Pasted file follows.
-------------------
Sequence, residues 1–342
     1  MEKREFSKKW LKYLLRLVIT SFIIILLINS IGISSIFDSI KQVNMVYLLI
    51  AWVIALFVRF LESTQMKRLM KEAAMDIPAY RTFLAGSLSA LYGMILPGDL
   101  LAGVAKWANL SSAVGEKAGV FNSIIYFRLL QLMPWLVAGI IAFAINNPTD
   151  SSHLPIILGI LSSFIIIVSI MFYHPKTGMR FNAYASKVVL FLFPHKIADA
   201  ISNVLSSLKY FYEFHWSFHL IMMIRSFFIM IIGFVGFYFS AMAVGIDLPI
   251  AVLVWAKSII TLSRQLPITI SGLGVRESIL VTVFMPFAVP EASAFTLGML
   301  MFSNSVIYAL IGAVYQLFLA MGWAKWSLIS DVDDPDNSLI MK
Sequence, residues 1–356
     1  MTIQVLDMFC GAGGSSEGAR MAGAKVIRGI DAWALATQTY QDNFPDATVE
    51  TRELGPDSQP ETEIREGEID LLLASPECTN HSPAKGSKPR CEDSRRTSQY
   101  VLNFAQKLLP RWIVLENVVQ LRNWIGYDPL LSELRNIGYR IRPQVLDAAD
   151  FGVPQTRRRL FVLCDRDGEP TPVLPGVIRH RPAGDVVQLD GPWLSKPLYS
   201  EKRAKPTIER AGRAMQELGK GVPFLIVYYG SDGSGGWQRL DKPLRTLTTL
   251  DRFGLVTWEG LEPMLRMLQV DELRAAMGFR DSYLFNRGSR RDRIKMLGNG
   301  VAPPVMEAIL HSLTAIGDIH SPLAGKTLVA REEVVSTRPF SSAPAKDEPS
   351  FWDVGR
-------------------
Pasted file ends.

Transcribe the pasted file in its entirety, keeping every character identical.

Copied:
Sequence, residues 1–342
     1  MEKREFSKKW LKYLLRLVIT SFIIILLINS IGISSIFDSI KQVNMVYLLI
    51  AWVIALFVRF LESTQMKRLM KEAAMDIPAY RTFLAGSLSA LYGMILPGDL
   101  LAGVAKWANL SSAVGEKAGV FNSIIYFRLL QLMPWLVAGI IAFAINNPTD
   151  SSHLPIILGI LSSFIIIVSI MFYHPKTGMR FNAYASKVVL FLFPHKIADA
   201  ISNVLSSLKY FYEFHWSFHL IMMIRSFFIM IIGFVGFYFS AMAVGIDLPI
   251  AVLVWAKSII TLSRQLPITI SGLGVRESIL VTVFMPFAVP EASAFTLGML
   301  MFSNSVIYAL IGAVYQLFLA MGWAKWSLIS DVDDPDNSLI MK
Sequence, residues 1–356
     1  MTIQVLDMFC GAGGSSEGAR MAGAKVIRGI DAWALATQTY QDNFPDATVE
    51  TRELGPDSQP ETEIREGEID LLLASPECTN HSPAKGSKPR CEDSRRTSQY
   101  VLNFAQKLLP RWIVLENVVQ LRNWIGYDPL LSELRNIGYR IRPQVLDAAD
   151  FGVPQTRRRL FVLCDRDGEP TPVLPGVIRH RPAGDVVQLD GPWLSKPLYS
   201  EKRAKPTIER AGRAMQELGK GVPFLIVYYG SDGSGGWQRL DKPLRTLTTL
   251  DRFGLVTWEG LEPMLRMLQV DELRAAMGFR DSYLFNRGSR RDRIKMLGNG
   301  VAPPVMEAIL HSLTAIGDIH SPLAGKTLVA REEVVSTRPF SSAPAKDEPS
   351  FWDVGR